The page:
Traditionally, iridium has been considered an element of low mobility, but its behavior is still debated. Ir concentration in a soil affected by a catastrophic mining spill in 1998 that covered the soil with a layer of tailings offers the opportunity to analyse an exceptional Ir-bearing horizon 10 years after deposition. This has enabled comparisons with the values of past Ir-bearing horizons associated to impact-related mass-extinction events. Iridium concentration in the tailings (0.349 ppm) was 5-fold higher than the anomaly in the K-Pg at The Moody Creek Mine section (the highest values obtained from terrestrial sections). The oxidative weathering of the tailings caused the release of Ir and infiltration into the soil. Iridium distribution in depth indicates redistribution throughout the profile in relation to the change in the physico-chemical properties of the soil. With regard to the background concentration in the soil (0.056 ppm), anomalous values of Ir (0.129 ppm) can be detected to 11 cm below the layer of tailings. The correlation analysis between the Ir concentration and the main properties and constituents of the soils indicated a significant correlation with sulfur, iron, clay content, and pH. Selective extractions were made to study the forms in which Ir can be mobilized in the soil. The residual/insoluble fraction was >90% of the total Ir concentration in soil. Soluble-in-water concentration of Ir (1.5% of total) was detected in the uppermost 2-3 cm of the soil, which were directly affected by the leaching of acidic waters coming from the oxidation of the pyrite tailings. Iridium retention in the affected part of the soil reached 9% of the total Ir concentration; this retention could be related to the amorphous iron forms dissolved by the oxalic-oxalate extraction. However, according to our research, original Ir abundance could be secondarily modified, and then a direct analysis of the iridium values recorded in sediments could induce misinterpretations. The comparison between the actual example and the fossil record belonging to terrestrial settings, can be considered as a valuable approach, especially when Iridium data were used by researchers to interpret the impact-related mass-extinction events in the past.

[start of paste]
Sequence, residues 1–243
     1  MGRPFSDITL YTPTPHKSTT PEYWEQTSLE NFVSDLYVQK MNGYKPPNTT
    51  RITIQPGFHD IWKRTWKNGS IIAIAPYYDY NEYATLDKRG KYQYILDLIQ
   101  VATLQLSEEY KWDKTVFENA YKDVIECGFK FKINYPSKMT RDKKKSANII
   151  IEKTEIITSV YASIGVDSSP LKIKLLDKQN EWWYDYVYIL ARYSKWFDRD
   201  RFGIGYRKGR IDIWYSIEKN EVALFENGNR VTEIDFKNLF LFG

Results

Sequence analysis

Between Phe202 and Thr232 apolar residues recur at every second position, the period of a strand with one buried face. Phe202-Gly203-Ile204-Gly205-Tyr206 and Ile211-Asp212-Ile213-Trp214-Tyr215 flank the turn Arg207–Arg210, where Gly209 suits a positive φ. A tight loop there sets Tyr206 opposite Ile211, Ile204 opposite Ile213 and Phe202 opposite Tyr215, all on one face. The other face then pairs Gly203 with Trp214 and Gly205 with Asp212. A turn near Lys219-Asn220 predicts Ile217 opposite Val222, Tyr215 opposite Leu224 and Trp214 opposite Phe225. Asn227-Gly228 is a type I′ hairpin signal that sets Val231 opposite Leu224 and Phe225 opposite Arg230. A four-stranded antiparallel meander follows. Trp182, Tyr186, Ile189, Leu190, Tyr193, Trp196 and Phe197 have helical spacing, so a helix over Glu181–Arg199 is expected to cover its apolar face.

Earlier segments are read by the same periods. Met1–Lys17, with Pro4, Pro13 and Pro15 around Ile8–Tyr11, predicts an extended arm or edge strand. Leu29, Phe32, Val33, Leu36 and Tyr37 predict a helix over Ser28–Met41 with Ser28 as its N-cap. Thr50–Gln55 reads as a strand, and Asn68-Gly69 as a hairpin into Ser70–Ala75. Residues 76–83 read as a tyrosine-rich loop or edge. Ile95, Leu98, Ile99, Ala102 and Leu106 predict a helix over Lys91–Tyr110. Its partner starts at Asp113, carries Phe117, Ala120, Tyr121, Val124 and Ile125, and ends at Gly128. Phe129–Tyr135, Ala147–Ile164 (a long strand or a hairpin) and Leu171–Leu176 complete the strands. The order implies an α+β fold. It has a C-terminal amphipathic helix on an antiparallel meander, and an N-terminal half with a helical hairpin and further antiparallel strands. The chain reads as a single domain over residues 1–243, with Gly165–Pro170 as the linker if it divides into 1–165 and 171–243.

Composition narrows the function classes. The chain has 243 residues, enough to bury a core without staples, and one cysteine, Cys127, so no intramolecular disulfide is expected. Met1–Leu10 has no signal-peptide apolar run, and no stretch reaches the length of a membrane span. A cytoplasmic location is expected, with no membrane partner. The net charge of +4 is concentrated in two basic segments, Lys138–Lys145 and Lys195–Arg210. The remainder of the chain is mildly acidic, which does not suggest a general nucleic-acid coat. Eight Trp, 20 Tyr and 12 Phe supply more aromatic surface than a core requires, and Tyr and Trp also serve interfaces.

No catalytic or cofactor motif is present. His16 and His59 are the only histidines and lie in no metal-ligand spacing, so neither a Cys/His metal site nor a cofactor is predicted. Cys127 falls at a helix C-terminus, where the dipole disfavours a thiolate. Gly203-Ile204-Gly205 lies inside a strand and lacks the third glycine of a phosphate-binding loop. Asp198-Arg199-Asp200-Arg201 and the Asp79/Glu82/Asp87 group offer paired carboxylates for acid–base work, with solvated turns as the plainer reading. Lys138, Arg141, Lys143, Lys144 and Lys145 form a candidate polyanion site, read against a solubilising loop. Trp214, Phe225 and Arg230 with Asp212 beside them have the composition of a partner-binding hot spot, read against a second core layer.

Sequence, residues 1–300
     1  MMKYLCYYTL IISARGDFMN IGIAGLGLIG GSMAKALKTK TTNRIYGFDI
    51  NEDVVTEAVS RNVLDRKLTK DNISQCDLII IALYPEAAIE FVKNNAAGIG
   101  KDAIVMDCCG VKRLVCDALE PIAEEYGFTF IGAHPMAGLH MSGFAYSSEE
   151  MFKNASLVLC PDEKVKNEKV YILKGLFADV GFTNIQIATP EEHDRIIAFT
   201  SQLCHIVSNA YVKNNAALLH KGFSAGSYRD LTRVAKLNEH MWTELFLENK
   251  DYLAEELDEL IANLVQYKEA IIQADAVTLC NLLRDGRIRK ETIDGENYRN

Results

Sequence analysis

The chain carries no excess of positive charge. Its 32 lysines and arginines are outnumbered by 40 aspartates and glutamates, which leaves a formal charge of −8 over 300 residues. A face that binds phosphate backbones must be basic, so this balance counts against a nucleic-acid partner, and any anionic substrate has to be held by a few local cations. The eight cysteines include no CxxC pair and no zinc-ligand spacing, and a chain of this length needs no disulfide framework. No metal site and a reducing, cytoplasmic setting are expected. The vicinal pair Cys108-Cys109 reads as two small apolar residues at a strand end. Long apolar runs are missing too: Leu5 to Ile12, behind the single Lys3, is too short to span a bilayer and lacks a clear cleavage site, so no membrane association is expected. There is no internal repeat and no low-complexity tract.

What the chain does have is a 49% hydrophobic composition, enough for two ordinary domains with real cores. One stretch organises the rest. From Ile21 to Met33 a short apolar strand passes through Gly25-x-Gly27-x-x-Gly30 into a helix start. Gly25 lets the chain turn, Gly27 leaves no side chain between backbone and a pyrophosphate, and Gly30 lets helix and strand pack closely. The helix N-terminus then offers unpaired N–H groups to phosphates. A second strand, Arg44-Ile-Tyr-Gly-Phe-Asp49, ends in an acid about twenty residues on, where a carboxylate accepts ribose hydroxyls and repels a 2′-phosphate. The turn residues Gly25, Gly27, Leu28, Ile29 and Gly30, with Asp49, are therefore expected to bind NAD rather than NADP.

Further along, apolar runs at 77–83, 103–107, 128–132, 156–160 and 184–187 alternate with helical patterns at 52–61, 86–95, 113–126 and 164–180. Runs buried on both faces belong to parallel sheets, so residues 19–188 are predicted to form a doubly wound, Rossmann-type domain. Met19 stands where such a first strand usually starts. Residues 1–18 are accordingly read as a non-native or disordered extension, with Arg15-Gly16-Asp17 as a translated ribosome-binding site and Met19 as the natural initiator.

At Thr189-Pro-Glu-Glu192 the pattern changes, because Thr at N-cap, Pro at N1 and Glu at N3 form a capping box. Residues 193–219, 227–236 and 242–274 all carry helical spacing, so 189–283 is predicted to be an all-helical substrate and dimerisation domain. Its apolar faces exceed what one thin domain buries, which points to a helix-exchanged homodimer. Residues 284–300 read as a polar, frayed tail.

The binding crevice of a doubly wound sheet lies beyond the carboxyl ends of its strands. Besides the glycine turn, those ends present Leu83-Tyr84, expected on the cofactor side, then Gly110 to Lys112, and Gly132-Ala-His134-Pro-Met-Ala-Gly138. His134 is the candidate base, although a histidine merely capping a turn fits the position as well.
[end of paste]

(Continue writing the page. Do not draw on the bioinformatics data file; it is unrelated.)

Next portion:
4. Solvation dynamics and energetics of intramolecular hydride transfer reactions in biomass conversion.

    PubMed

    Mushrif, Samir H; Varghese, Jithin J; Krishnamurthy, Chethana B

    2015-02-21

    Hydride transfer changes the charge structure of the reactant and thus, may induce reorientation/reorganization of solvent molecules. This solvent reorganization may in turn alter the energetics of the reaction. In the present work, we investigate the intramolecular hydride transfer by taking Lewis acid catalyzed glucose to fructose isomerization as an example. The C2-C1 hydride transfer is the rate limiting step in this reaction. Water and methanol are used as solvents and hydride transfer is simulated in the presence of explicit solvent molecules, treated quantum mechanically and at a finite temperature, using Car-Parrinello molecular dynamics (CPMD) and metadynamics. Activation free energy barrier for hydride transfer in methanol is found to be 50 kJ mol(-1) higher than that in water. In contrast, in density functional theory calculations, using an implicit solvent environment, the barriers are almost identical. Analysis of solvent dynamics and electronic polarization along the molecular dynamics trajectory and the results of CPMD-metadynamics simulation of the hydride transfer process in the absence of any solvent suggest that higher barrier in methanol is a result of non-equilibrium solvation. Methanol undergoes electronic polarization during the hydride transfer step. However, its molecular orientational relaxation is a much slower process that takes place after the hydride transfer, over an extended timescale. This results in non-equilibrium solvation. Water, on the other hand, does not undergo significant electronic polarization and thus, has to undergo minimal molecular reorientation to provide near equilibrium solvation to the transition state and an improved equilibrium solvation to the post hydride shift product state. Hence, the hydride transfer step is also observed to be exergonic in water and endergonic in methanol. The aforementioned explanation is juxtaposed to enzyme catalyzed charge transfer reactions, where the enhanced solvation of the transition and product states by enzymes, due to electrostatic interactions, reduces the activation free energy barrier and the free energy change of the reaction. Similarly, we suggest that, in the intramolecular hydride shift, improved solvation of the transition state and of the product state by water is achieved due to minimal polarization and reorientation, and (near) equilibrium solvation. PMID:25591500